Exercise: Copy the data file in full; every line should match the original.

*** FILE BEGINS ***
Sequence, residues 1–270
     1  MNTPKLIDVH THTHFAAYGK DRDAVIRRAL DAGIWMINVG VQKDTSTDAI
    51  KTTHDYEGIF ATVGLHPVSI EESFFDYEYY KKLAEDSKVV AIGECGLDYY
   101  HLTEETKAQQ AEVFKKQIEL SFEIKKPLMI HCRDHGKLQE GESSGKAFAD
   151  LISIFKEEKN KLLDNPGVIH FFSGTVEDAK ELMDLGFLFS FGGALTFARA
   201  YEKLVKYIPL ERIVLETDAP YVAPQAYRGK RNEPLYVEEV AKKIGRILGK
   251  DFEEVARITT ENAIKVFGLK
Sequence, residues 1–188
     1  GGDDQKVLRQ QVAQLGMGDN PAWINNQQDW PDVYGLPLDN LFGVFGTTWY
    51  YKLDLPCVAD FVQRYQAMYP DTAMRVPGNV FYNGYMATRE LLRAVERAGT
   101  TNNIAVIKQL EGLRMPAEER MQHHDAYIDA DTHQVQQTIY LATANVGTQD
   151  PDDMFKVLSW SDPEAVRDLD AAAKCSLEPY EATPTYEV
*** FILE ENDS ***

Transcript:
Sequence, residues 1–270
     1  MNTPKLIDVH THTHFAAYGK DRDAVIRRAL DAGIWMINVG VQKDTSTDAI
    51  KTTHDYEGIF ATVGLHPVSI EESFFDYEYY KKLAEDSKVV AIGECGLDYY
   101  HLTEETKAQQ AEVFKKQIEL SFEIKKPLMI HCRDHGKLQE GESSGKAFAD
   151  LISIFKEEKN KLLDNPGVIH FFSGTVEDAK ELMDLGFLFS FGGALTFARA
   201  YEKLVKYIPL ERIVLETDAP YVAPQAYRGK RNEPLYVEEV AKKIGRILGK
   251  DFEEVARITT ENAIKVFGLK
Sequence, residues 1–188
     1  GGDDQKVLRQ QVAQLGMGDN PAWINNQQDW PDVYGLPLDN LFGVFGTTWY
    51  YKLDLPCVAD FVQRYQAMYP DTAMRVPGNV FYNGYMATRE LLRAVERAGT
   101  TNNIAVIKQL EGLRMPAEER MQHHDAYIDA DTHQVQQTIY LATANVGTQD
   151  PDDMFKVLSW SDPEAVRDLD AAAKCSLEPY EATPTYEV